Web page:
In our account of the development of social

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Unformatted text preview: does not offer a ready made social psychology. In our account of the development of social representations of gender we have emphasised the importance of social identities as the structures differentiating between groupings of individuals. Within sex groups, social representations of gender offer a variety of possible gender identities, enabling individuals to position themselves in a number of different ways. Each type of social identity provides a certain version of femininity or masculinity, and for the child, different types of social gender identity provide both a means for orienting themselves in the social world of the classroom and a pathway towards the development of their gender identity in later years. For the positions which children adopt also structure their experiences in the classroom and beyond. In one of the classrooms we observed, for example, some girls had elaborated a feminine identity which excluded boys while others adopted a position in which their femininity could also encompass relations with boys. These two groups of girls are finding different ways of being female, and one consequence of this is a differentiation in their practical experiences in the classroom. Why individual children come to position themselves in different ways may be an interesting question, but it is not one which our research was designed to address. What we can see from our research is that the solutions which children find to the problem of how to position themselves follow patterns which are established within the representational space of gender. In other words, social representations of gender also mark out positions which offer viable gender identities. Viability refers to the extent to which positions within the gender system are consistent with the norms and values of the system. An extreme example can help to clarify this point. It is possible for a girl to engage consistently with boys in masculine marked activities. The position of 'tomboy' is a viable identity for a girl. Yet the reverse, a boy who consistently engages with girls in feminine activities, is an untenable position. A boy who did this would become the focus for concern on the part of teachers and parents. The development of social gender identities refers, then, not to the way in which children negotiate an individual resolution to the question of situating themselves in the world of gender, but, rather, to their adoption of positions which are more or less clearly marked 3 4 G. Duveen within the social representations of gender. Positioning in this sense has rarely been examined in work on social representations, which have, for the most part, studied the emergence of divergent representations in different groups. The process through which the same representation gives rise to different social id...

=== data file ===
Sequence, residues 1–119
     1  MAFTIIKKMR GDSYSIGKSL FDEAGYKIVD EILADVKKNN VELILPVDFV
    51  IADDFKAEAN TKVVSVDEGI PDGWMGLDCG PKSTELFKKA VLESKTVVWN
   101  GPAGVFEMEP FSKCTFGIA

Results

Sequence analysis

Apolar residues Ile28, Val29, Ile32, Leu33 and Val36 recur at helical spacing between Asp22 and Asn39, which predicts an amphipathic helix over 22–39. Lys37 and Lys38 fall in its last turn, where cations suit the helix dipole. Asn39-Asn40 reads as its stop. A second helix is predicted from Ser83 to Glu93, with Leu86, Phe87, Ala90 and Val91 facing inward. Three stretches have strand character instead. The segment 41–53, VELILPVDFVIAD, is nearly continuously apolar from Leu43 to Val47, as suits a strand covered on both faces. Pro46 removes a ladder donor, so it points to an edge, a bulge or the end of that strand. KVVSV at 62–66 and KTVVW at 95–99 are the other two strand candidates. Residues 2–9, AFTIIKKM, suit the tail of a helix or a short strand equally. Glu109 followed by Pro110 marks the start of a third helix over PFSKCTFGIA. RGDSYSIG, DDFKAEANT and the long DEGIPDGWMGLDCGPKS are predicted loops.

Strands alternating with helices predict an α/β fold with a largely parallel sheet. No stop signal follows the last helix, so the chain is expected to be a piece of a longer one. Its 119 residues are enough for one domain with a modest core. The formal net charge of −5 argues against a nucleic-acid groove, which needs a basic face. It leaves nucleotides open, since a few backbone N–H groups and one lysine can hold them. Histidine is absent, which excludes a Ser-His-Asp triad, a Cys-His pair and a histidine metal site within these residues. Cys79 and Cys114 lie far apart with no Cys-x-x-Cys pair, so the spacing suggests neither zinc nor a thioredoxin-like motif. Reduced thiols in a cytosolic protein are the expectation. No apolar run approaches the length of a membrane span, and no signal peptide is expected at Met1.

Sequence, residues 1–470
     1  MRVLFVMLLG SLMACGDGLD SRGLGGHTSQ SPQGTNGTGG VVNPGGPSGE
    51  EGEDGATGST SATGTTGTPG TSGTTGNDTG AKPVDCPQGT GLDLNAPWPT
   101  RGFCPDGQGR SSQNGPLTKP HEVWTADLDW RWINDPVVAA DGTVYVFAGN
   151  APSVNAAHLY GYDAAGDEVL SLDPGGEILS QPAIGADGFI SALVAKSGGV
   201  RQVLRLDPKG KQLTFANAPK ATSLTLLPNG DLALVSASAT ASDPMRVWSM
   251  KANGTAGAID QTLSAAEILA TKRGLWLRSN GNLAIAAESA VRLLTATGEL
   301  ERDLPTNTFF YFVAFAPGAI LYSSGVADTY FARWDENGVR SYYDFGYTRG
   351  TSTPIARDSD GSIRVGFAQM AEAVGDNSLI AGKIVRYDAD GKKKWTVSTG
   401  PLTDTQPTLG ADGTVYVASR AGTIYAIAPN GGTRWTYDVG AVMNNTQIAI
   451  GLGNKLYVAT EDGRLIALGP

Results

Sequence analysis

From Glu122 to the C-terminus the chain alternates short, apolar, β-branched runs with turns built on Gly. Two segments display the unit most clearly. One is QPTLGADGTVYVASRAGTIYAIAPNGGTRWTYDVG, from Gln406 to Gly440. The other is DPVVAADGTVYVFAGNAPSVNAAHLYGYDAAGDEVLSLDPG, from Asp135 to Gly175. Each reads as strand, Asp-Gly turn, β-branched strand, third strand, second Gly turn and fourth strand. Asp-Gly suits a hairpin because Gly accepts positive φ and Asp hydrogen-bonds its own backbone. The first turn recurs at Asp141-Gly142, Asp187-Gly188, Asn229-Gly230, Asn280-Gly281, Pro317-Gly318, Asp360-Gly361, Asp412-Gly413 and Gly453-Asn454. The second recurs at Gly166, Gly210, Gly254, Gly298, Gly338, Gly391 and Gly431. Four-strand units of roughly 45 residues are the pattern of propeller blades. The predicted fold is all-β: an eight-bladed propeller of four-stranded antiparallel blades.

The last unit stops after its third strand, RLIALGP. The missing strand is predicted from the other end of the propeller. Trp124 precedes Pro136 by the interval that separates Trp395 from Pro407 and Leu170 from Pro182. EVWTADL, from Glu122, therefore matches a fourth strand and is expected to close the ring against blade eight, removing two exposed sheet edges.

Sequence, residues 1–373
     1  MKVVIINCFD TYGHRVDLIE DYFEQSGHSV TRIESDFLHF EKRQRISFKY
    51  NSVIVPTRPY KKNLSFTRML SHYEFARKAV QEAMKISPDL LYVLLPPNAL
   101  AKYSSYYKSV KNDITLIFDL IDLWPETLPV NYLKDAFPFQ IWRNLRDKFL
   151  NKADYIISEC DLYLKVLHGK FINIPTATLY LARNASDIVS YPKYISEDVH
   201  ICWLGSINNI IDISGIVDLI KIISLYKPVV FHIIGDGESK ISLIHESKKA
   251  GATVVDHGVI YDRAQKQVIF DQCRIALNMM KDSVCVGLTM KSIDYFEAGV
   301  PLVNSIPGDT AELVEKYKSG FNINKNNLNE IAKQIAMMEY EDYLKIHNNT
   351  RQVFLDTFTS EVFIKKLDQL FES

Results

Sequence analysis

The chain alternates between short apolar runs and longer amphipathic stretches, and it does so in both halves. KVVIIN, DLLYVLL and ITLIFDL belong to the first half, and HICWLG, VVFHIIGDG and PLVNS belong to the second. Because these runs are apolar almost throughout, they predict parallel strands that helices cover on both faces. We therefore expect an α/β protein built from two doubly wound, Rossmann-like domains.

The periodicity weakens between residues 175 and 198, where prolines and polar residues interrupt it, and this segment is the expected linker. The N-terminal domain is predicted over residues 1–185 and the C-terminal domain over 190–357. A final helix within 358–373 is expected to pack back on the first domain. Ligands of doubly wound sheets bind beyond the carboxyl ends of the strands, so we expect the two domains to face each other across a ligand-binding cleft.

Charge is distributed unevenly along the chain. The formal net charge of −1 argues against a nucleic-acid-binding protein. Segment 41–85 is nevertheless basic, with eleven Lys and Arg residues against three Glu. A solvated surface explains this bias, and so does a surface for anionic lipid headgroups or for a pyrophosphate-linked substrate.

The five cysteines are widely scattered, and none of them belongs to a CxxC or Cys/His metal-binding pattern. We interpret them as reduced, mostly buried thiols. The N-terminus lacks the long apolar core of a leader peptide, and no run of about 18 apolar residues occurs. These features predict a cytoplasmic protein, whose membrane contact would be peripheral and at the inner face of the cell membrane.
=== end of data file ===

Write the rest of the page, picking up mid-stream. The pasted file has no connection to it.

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This note was uploaded on 12/13/2012 for the course PSYCHOLOGY 107 taught by Professor Neascu during the Spring '12 term at UMass (Amherst).

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